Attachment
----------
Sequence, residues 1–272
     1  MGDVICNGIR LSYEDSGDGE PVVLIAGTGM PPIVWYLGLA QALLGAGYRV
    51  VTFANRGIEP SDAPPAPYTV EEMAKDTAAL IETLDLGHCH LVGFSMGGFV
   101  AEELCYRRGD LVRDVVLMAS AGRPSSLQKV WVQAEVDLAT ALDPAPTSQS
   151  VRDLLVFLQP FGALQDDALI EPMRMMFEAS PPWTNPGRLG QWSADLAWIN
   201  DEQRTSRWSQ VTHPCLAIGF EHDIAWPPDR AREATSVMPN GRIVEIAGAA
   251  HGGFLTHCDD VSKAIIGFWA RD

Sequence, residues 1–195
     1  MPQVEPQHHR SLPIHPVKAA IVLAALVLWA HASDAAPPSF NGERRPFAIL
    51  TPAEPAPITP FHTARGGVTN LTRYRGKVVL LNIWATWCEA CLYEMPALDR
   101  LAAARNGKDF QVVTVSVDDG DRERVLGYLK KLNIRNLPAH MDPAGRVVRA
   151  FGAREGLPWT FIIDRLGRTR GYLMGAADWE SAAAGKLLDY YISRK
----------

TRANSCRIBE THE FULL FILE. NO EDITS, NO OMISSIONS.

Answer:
Sequence, residues 1–272
     1  MGDVICNGIR LSYEDSGDGE PVVLIAGTGM PPIVWYLGLA QALLGAGYRV
    51  VTFANRGIEP SDAPPAPYTV EEMAKDTAAL IETLDLGHCH LVGFSMGGFV
   101  AEELCYRRGD LVRDVVLMAS AGRPSSLQKV WVQAEVDLAT ALDPAPTSQS
   151  VRDLLVFLQP FGALQDDALI EPMRMMFEAS PPWTNPGRLG QWSADLAWIN
   201  DEQRTSRWSQ VTHPCLAIGF EHDIAWPPDR AREATSVMPN GRIVEIAGAA
   251  HGGFLTHCDD VSKAIIGFWA RD

Sequence, residues 1–195
     1  MPQVEPQHHR SLPIHPVKAA IVLAALVLWA HASDAAPPSF NGERRPFAIL
    51  TPAEPAPITP FHTARGGVTN LTRYRGKVVL LNIWATWCEA CLYEMPALDR
   101  LAAARNGKDF QVVTVSVDDG DRERVLGYLK KLNIRNLPAH MDPAGRVVRA
   151  FGAREGLPWT FIIDRLGRTR GYLMGAADWE SAAAGKLLDY YISRK